Virtue is not fashionable in today’s Western world. We live in a society where glamour, novelty, indulgence, money and power seem to be given greater value than the concept of virtue. Gambling, celebrity and oafish behaviour are indulged and celebrated. And yet, we also have a yearning for virtue, as instanced by the widespread condemnation of the behaviour of UK MPs who appeared to seek financial gain that was not perceived to be due to them.
So what is going on? There does seem to be significant desire for virtue, even though it may be unfashionable in the popular media culture. Do we understand what virtue is, and how should we become virtuous? In the excellent book Reclaiming Virtue: How we can develop the moral intelligence to do the right thing at the right time for the right reason, American author, counsellor and broadcaster John Bradshaw gives us some answers.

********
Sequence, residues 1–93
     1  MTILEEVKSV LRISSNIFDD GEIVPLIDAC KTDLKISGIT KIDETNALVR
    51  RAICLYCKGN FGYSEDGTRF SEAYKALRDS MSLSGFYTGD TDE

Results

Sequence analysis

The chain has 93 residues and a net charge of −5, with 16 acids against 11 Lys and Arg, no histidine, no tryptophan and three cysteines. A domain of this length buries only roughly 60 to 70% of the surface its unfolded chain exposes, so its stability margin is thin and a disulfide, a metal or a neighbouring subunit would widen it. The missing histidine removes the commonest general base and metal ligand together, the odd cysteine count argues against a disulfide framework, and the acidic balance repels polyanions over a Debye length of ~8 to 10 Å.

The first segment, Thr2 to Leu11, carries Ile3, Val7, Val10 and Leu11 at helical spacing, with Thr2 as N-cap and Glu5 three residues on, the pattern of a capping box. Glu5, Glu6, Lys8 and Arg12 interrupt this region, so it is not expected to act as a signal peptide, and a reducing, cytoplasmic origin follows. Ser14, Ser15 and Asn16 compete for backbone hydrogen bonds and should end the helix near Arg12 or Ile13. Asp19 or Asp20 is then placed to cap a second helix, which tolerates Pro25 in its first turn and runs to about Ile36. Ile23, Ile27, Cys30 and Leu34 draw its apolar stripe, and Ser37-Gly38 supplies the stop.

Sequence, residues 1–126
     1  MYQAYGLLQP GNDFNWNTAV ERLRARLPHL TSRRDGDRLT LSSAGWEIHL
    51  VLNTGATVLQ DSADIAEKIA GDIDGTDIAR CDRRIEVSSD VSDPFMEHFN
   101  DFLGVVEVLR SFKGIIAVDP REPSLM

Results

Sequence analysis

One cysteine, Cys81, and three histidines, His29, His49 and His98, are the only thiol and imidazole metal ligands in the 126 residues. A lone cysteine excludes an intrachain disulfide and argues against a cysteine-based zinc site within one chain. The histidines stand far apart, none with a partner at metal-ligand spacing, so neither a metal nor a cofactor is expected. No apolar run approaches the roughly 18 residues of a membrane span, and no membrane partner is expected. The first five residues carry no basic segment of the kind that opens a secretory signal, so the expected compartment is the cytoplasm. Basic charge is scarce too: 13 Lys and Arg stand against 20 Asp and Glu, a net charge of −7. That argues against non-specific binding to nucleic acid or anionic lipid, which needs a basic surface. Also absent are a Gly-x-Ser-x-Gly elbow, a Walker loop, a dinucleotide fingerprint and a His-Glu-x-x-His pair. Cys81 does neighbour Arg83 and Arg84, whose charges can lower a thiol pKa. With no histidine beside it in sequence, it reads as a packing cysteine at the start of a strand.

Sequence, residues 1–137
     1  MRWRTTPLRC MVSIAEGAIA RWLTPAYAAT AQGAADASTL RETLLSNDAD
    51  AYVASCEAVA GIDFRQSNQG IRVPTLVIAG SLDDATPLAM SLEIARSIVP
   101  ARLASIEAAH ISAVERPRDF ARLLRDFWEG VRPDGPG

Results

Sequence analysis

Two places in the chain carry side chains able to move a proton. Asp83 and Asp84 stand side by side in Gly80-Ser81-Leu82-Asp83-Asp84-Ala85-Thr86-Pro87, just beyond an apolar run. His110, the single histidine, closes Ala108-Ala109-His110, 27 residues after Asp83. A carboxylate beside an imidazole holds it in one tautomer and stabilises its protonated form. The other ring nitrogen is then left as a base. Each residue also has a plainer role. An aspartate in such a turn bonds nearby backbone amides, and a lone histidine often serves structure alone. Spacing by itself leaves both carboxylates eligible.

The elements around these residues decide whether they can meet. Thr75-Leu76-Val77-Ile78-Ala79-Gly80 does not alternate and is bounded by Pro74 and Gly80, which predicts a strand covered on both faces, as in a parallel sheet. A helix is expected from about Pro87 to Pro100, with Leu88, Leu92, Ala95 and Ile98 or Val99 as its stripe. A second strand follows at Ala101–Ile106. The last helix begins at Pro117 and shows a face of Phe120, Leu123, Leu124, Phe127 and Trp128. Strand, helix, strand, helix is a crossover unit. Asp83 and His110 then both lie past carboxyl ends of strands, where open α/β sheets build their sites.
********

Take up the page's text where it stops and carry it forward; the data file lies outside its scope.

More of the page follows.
Bradshaw identifies that the essential thing we have to do is to recover our innocence from the conditioning of childhood and re-own our true selves. This involves recognising and dealing with parts of ourselves (subpersonalities in psychosynthesis terms) through appropriate processes of grieving, acceptance, healthy shame, etc.
Only when we act as the true self, rather than as the conditioned self, can we develop the felt thought that enables true moral choice, the ability to balance between real world possibilities that cannot be prescribed by laws or moral rules – what Bradshaw describes as the intuitive balance between extremes. Clearly this requires a great degree of self awareness and attentiveness to others.
Of course this is not something that can be acquired by just reading a book; it requires ongoing practice, the process of a lifetime. But John Bradshaw gives an excellent theoretical framework and guidance on putting it into practice in the three parts of this book, essentially: what is moral intelligence, developing it and nurturing it.
This is a substantial work of almost 500 pages. There are many real examples and techniques, and references to theories such as those of Aristotle, Aquinas, Albert
Schweizer, Erik Erikson, Piaget, James Hillman, Maria Montessori, Thomas Moore and many others. The book is well written and wise. It may even help in developing your own process of virtue.
This is an edited version of a review first published in Conjunction, magazine of the Astrological Psychology Association, November 2010.